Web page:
Such a wide conception thus stands in contrast to how teachers and educators have often thought of multicultural education as primarily related to curriculum content [11]. Although a critical reflection on curriculum is an important dimension, conceptualising multicultural education exclusively as content is problematic because it fails to consider multicultural education as an integral part of all subjects. When multicultural education is exclusively bound to content related to various cultural and ethnic groups, teachers who cannot see the relevance of the content within their disciplines easily dismiss multicultural education as peripheral to their day-to-day work in the classroom.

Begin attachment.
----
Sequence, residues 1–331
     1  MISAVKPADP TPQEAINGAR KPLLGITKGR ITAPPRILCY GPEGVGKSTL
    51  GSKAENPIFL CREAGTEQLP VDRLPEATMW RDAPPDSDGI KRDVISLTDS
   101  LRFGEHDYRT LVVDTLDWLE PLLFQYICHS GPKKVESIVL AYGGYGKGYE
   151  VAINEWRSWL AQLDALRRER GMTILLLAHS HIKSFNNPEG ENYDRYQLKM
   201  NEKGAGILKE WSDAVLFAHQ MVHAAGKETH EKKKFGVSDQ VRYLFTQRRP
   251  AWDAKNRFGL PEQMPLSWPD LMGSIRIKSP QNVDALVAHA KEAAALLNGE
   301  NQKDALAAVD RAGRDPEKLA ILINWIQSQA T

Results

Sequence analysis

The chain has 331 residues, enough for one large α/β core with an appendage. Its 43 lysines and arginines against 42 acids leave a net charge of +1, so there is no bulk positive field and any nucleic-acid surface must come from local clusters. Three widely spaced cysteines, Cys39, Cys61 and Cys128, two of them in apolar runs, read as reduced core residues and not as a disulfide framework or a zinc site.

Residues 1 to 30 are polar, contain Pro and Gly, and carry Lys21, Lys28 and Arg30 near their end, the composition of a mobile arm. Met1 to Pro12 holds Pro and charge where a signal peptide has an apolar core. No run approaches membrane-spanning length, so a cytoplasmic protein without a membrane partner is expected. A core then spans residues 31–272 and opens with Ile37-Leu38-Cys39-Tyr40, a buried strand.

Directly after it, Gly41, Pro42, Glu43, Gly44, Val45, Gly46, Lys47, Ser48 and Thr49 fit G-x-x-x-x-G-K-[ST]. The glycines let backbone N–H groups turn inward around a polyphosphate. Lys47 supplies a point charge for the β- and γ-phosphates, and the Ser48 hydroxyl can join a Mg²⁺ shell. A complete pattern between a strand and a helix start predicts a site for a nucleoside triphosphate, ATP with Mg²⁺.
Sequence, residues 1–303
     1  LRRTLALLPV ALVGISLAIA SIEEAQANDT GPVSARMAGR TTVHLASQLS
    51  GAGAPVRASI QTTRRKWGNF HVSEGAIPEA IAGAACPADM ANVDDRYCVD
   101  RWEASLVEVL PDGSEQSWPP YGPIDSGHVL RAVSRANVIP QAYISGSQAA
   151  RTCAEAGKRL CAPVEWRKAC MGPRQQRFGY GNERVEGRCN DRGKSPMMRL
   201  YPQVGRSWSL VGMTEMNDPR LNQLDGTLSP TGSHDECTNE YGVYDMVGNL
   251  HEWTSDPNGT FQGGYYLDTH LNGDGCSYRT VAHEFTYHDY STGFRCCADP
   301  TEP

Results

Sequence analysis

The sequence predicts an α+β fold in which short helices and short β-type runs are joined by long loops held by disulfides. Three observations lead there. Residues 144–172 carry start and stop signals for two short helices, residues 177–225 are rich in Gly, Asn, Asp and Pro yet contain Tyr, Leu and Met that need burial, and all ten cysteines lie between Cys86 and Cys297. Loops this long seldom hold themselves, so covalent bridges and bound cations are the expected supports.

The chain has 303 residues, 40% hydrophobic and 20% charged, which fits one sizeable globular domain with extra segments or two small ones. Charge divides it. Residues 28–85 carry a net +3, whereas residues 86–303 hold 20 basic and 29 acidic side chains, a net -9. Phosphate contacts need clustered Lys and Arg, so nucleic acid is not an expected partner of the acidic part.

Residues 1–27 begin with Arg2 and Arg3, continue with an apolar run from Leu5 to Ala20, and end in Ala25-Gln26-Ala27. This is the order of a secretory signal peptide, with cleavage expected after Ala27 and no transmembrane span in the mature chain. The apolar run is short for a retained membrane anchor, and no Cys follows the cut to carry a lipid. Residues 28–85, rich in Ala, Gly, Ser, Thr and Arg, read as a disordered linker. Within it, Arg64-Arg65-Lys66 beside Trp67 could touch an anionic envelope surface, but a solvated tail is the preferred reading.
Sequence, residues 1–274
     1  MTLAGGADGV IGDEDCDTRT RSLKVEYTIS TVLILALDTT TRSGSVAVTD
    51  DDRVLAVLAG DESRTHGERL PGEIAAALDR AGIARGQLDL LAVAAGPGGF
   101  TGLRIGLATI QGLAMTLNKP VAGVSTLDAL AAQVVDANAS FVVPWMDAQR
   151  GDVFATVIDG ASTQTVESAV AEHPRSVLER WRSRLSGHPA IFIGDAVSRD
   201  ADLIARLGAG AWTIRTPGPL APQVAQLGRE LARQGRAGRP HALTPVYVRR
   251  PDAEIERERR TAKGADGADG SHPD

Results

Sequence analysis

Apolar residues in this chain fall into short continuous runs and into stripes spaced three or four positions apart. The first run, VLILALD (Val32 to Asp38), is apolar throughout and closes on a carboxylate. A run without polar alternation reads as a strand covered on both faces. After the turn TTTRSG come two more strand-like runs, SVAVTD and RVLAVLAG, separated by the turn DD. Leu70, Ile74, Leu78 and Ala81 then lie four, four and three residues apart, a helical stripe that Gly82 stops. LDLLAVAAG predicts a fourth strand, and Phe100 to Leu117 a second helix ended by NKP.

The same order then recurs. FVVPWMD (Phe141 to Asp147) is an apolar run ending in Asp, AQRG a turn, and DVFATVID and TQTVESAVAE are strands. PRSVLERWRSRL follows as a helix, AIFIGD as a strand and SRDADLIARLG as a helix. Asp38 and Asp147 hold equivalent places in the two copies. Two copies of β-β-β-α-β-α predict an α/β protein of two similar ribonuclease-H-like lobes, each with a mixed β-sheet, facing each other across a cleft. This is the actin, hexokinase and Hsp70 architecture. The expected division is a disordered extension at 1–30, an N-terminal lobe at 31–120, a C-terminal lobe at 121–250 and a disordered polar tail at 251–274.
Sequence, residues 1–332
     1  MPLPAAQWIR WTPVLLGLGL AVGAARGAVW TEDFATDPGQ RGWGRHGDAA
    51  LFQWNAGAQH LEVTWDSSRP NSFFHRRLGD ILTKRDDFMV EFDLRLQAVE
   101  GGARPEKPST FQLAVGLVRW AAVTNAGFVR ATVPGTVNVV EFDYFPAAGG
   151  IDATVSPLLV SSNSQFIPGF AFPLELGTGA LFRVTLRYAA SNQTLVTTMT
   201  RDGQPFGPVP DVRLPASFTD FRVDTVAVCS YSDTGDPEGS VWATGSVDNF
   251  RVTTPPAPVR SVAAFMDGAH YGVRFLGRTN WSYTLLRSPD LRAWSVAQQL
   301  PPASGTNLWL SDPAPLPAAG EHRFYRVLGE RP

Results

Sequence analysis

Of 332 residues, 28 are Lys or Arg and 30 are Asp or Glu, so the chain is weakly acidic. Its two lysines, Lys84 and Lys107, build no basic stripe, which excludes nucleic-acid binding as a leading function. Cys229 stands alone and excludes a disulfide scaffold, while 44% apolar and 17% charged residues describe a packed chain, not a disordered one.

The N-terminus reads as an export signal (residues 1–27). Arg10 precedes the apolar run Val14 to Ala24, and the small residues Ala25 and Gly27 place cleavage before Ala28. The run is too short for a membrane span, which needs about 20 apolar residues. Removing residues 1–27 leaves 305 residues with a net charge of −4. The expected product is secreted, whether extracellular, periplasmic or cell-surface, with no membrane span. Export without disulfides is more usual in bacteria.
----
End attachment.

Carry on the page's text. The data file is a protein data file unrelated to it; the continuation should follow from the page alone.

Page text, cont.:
The content dimension of multicultural education encourages teachers to use a variety of examples and knowledge from different cultural contexts in all their teaching [10]. For instance, when working with songs and different kinds of folktales in school, teachers should include histories and cultural material from parts of the world other than those of the linguistic and cultural majority. This would also imply letting the students see how cultural motives find their parallel in different cultural and ethnic contexts [12]. By becoming aware of how to expand the curriculum, teachers can draw on multicultural content in all subjects, although it will be easier within social studies, language instruction, arts, and music than in science and mathematics [7]. Nevertheless, advancing the general awareness of teachers on the kinds of knowledge and experiences presented—and therefore made legitimate—in the classroom will help schools better address the diversity of the students.